December 1st, 2021

By Emma Farge

GENEVA (Reuters) – The head of the World Trade Organization stressed the importance of reforming the global trade body to prevent further trade wars but warned it would be “very tough” amid high geopolitical tensions.

The 27-year-old global trade body, under pressure to prove its relevance, was due to have held a major ministerial meeting this week and a plan to update the global trade rule book was among the key topics.

However, it was postponed due to travel curbs linked to the COVID variant Omicron, further dampening already dim hopes for progress.

Asked if the WTO was capable of reform, Ngozi Okonjo-Iweala said in an interview at the Reuters Next conference: “Absolutely. Whether it will be easy to do is another thing.”

“I think it will be very tough because of the lack of trust among members.”

The WTO’s top appeals chamber, the Appellate Body, has been disabled since 2019 when the administration of former U.S. President Donald Trump blocked judge appointments.

Okonjo-Iweala told Reuters the WTO’s dispute settlement system had to be saved to prevent future trade wars, adding that Washington’s “legitimate concerns” about overreach needed to be addressed.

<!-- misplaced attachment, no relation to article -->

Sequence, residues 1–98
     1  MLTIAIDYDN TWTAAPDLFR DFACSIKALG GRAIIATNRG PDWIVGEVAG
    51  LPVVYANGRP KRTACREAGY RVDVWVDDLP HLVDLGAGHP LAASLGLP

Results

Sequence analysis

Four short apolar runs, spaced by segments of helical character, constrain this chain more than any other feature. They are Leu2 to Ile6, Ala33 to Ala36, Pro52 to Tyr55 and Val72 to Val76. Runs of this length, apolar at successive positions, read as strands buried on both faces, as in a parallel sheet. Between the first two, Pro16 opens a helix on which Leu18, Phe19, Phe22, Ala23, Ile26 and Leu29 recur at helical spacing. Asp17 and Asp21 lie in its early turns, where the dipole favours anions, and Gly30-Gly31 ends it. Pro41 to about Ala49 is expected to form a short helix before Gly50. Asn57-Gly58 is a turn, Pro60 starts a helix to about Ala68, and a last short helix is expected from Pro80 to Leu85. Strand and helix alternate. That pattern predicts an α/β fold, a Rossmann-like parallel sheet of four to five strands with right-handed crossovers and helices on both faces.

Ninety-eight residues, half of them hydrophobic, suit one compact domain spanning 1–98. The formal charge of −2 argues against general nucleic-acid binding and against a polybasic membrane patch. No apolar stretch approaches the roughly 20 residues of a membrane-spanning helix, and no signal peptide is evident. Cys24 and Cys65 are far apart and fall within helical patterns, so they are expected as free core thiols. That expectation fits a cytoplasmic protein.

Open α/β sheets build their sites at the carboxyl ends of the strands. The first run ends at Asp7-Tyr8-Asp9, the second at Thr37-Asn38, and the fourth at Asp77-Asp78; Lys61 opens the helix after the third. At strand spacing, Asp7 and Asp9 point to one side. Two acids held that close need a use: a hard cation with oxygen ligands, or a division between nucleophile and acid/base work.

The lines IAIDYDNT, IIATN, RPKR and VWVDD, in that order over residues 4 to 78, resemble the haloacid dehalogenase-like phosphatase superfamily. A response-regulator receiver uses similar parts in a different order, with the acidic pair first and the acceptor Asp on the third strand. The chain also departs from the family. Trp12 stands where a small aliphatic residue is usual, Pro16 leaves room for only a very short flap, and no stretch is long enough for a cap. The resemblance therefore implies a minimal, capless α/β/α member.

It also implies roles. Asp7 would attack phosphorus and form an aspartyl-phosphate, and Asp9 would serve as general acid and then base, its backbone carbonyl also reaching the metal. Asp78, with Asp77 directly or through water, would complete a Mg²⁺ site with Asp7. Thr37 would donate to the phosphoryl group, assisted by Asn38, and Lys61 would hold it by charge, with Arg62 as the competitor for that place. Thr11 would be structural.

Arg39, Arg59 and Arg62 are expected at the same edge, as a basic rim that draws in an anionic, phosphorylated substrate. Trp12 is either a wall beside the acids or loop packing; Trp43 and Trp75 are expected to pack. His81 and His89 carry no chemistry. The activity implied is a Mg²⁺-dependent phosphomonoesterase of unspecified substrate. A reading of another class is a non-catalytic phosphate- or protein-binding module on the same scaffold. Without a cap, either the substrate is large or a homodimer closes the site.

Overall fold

Describing the current atmosphere as “fraught with geopolitical tensions”, she warned of the risk of the rules-based trade system being replaced by a power-based system and said smaller countries would lose out the most from this.

“It’s absolutely important that we support multilateral trade and we don’t take it for granted,” she said.

Okonjo-Iweala, director-general since March, said she saw many opportunities for the Geneva-based trade body, including in the area of climate change such as through the development of a global carbon price.

From laying down the law on fossil fuel subsidies to promoting low-carbon supply chains, there is no shortage of ways in which the World Trade Organization could be at the forefront of the global fight against climate change.  

To watch the Reuters Next conference please register here: https://reutersevents.com/events/next

(Reporting by Emma Farge; Editing by Bernadette Baum)


Brought to you by www.srnnews.com

Germany reports highest daily COVID-19 death toll for 9 months

December 1st, 2021